General Motors Co., not the government, will determine when the automaker will conduct a public stock offering at the heart of the company's revival, the Obama administration said Thursday.
The Treasury Department said in a statement that it expects to sell some of its 61 percent stake in GM when the automaker goes public. The initial public offering could happen as early as October.
Treasury provided guidance on how it intends to be involved in GM's much-anticipated stock sale, which is expected to be among the largest initial public offerings in U.S. history. The stock offering is a key part of GM's recovery as it emerges from a government-led bankruptcy last year.
"GM must determine that it is, in all relevant respects, ready to become a public company. For those reasons, it is critical that the process of preparing for a potential IPO be managed by GM," the department said.
Treasury said GM will choose the banks that underwrite the deal, "subject to Treasury's agreement that the selection is reasonable," but the department will determine the fees to be paid to the banks. Major Wall Street banks are trying to become the lead underwriter of the stock sale but the government is expected to push for low fees related to the stock sale.
In a statement, GM said, "We will launch an IPO when the conditions are right and GM is ready."
The department said the IPO is expected to include the sale of shares by Treasury, GM and other shareholders. The size of the offering and the amounts of primary and secondary shares will be determined later.
The Obama administration has long stressed it is not involved in GM's daily business decisions. But administration officials have said they need to protect taxpayers and recoup as much as possible of the $50 billion in federal aid provided to GM.
GM has said it may sell shares in late 2010 or early 2011. But CEO Ed Whitacre and company officials have said the timing will be determined by the state of the financial markets, the overall health of the auto industry and GM's ability to make progress.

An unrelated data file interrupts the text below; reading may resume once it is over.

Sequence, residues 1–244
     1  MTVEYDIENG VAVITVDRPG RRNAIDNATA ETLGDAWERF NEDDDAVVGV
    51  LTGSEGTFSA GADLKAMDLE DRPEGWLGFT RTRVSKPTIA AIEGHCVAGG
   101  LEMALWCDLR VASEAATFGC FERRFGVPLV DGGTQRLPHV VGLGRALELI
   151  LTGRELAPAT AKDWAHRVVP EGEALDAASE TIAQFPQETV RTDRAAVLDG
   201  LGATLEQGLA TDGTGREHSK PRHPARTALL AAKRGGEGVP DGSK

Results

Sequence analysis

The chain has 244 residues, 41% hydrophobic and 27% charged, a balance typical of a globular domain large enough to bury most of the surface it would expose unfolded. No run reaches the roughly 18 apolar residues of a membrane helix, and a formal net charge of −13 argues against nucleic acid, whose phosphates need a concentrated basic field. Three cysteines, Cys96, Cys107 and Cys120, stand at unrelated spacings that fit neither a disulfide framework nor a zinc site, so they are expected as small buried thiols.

GM has repaid $6.7 billion that the government considered loans. The remaining $43.3 billion was converted to the 61 percent ownership stake. GM announced a profitable first quarter of 2010, as its net income rose to $865 million compared to the $6 billion it lost in the same period last year.
To pay off its shareholders, including the government, a United Auto Workers union health care trust and its old bondholders, the stock market would have to value GM at more than $70 billion. That would be nearly double Ford Motor Co.'s market value of more than $38 billion, but far less than the total value of Toyota's shares of more than $110 billion.
Separately, two top Republicans on the House Oversight Committee asked GM to stop destroying electronic documents, saying the practice hinders committee probes into possible political influence of the automaker.
In a letter to Whitacre, Reps. Darrell Issa, R-Calif., and Jim Jordan, R-Ohio, wrote that they are "deeply disturbed" that GM may be purging documents that could be relevant to several congressional investigations of the company.
The lawmakers said a senior GM attorney told the committee the automaker purges all electronic documents after 60 days and does not retain any copies. The committee has requested e-mails, notes, letters and other records dating back to Nov. 1, 2008.
The committee's investigations include whether interference by lawmakers influenced some corporate decisions, such as what GM plants should be closed and remain open as the company reorganized during bankruptcy last year.
The letter said there was no evidence of GM willfully destroying documents, but warned that any further action would be criminal misconduct.
GM spokesman Greg Martin said the company's document policies comply with the law.
AP Business Writer Stephen Manning contributed to this report.
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